A very basic guide to the dos and don’ts of fish keeping.
It’s interesting to realise that, as a society, we have come to the conclusion that the iconic goldfish (and all its fishy friends) are quite content to live in a bowl not much larger than themselves, and the eventual death is surely due to a “fault” in the fish.
Of course, perhaps it’s time that this changed. For anyone who has ever kept fish, it can be truly puzzling as to why, mysteriously, it all becomes too much for our scaled friend, and they pass away. Strangely enough, however, this fails to inspire any sense of guilt in most people, who instead believe that purchasing yet more fish, dumping them into exactly the same conditions, and wondering why, once again, the poor things move on to a better place.
So, for anyone keeping fish, here is a basic guide, a few dos and don’ts. Please, don’t use this as your only reference, invest in a book, or use one of the many fishkeeping webpages, but this may very well save a few fishy lives:
Search around for a deal on ebay, your local freecycle, the advertisements in your newspaper or www.aquarist-classifieds.co.uk. You may be very surprised as to what can be found, and this may open up your budget for the purchasing of vital water chemistry management kits. However, remember to inspect any second hand equipment whenever possible. There have been many horror stories in which a tank has mysteriously cracked, shattered, and spewed its precious contents all over the expensive carpet that was bought only a few months ago!
Please, research carefully into the fish you would like to keep. Many small, apparently innocent fish will often wreak havoc in a community aquarium, and you should always look into the maximum size of a fish and how agressive it is. Two examples would be the clown loach, which, whilst sold small, often around the size of most corys at 5cm, seems an ideal bottom feeder, renowned for its healthy appetite and playful demeanour. However, the purchasing of this fish is a disaster waiting to happen for most small (”nano”) aquaria, as the clown loach can reach sizes of up to 16 inches! Another example would be the dwarf puffer, who appears to be small, and undeniably cute. However, not only is the fish incredibly sensitive to changes in water chemistry, but also is incredibly aggressive for its size, attacking any fish too slow or too stupid to escape. These beasties are hardly a good choice for a community aquarium!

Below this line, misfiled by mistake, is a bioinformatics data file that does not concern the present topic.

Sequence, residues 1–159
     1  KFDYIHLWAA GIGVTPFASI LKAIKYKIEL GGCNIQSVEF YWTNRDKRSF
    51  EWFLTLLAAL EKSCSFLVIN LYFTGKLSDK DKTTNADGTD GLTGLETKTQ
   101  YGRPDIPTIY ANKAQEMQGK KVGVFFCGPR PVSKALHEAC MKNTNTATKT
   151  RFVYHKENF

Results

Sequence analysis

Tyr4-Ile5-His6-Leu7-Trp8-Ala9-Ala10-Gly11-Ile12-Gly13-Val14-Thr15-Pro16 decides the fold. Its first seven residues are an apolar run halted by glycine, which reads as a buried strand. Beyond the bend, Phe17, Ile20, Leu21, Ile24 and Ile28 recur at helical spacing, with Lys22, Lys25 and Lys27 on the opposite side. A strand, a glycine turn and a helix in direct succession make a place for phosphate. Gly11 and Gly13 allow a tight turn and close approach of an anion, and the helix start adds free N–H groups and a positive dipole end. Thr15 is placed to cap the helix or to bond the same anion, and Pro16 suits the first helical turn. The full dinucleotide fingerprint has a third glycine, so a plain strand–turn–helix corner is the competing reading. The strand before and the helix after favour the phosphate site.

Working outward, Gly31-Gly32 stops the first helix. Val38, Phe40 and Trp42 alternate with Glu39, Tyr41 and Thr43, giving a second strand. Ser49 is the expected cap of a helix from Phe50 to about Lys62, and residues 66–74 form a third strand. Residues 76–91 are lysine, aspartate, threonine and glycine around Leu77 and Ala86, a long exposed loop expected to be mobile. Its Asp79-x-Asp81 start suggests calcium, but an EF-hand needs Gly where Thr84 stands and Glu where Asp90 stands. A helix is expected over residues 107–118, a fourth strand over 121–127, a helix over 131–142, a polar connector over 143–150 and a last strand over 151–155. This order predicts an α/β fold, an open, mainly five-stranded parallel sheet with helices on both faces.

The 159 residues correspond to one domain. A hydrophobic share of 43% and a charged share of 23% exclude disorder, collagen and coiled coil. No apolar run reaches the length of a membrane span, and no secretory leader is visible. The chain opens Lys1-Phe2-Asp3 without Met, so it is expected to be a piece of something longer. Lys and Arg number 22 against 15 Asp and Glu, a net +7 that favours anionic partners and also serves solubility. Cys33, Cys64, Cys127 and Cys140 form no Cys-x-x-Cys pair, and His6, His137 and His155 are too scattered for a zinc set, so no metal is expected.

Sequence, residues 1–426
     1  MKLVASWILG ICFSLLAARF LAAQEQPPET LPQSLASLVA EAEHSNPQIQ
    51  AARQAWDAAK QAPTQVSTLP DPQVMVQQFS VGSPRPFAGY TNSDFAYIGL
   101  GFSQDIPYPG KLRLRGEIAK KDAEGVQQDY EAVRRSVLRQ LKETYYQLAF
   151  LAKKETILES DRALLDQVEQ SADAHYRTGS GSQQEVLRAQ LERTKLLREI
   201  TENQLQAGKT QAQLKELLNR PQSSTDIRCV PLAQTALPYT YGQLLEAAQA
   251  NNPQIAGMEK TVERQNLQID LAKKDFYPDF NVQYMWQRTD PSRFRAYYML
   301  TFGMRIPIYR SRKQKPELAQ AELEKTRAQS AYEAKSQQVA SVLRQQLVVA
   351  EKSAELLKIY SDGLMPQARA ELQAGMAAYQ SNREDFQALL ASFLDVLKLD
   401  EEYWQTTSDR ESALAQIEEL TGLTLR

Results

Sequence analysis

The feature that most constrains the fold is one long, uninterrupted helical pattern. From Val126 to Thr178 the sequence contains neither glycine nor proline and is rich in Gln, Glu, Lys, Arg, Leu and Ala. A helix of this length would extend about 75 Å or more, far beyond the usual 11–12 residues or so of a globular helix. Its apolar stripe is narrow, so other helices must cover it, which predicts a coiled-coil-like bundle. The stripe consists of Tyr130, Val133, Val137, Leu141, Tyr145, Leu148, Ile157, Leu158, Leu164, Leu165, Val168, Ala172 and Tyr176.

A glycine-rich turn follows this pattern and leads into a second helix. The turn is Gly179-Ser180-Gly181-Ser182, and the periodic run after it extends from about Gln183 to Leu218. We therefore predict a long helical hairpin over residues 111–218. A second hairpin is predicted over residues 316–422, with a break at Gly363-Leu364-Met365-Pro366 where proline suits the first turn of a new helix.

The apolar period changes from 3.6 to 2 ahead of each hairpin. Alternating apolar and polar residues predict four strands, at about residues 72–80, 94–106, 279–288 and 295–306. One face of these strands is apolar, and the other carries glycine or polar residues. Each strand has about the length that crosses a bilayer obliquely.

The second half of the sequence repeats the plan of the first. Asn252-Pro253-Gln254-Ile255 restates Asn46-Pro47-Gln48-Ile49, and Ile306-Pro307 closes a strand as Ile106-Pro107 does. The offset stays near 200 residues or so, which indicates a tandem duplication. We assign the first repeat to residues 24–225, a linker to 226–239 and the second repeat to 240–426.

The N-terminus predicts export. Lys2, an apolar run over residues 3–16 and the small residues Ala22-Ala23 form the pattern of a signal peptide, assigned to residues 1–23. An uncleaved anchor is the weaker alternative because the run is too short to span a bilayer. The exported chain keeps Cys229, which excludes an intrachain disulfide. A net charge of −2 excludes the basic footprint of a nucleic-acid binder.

“Cycle” your tank. Further information can be found on most fishkeeping webpages, but briefly explained, this is the “activation time” for the lovely bacteria in your filter. They need time to grow in number enough to eat all the waste in your aquarium. If enough time isn’t taken, then any fish introduced too early will very likely die. This is one of the most common mistakes made. So remember to purchase a bacterial activation kit, and closely monitor the water chemistry until the bacteria can successfully remove any ammonia injected into a tank.
As mentioned earlier, refer to a book, or fishkeeping website whenever possible. What would be ideal, is to sign up to a fishkeeping forum, where you can receive advice that is specifically relevant to your own dilemmas. A great website and forum would be www.practicalfishkeeping.co.uk, which i know from personal experience has a huge amount of supportive forum members.
Consider the following species as easier fish to keep as a beginner: most types of danios (your probably most likely to find Zebra Danios), barbs (although some are notorious fin nippers, many are quite docile, for instance the Cherry Barb, provided it is kept in a shoal of no less than 5, and if possible, with a ratio of 2 females to 1 male. Ask your local fish shop about this, and they should explain why) and corydoras catfish (nicknamed “corys”). All three of these prefer to be in a shoal of five or more, so consider choosing five corys (of the same type), and five of one of either danios or barbs. You may experience a small amount of fighting, but do not worry, as this should settle down once a pecking order is established. Later, you could introduce some tetras (e.g the popular Neon Tetra), but they are smaller, and slightly more sensitive. You could also consider introducing guppies, platies, mollies or swords, but as these are primarily slow moving with ornate finnage, do NOT keep them with fin nippers (such as many barbs).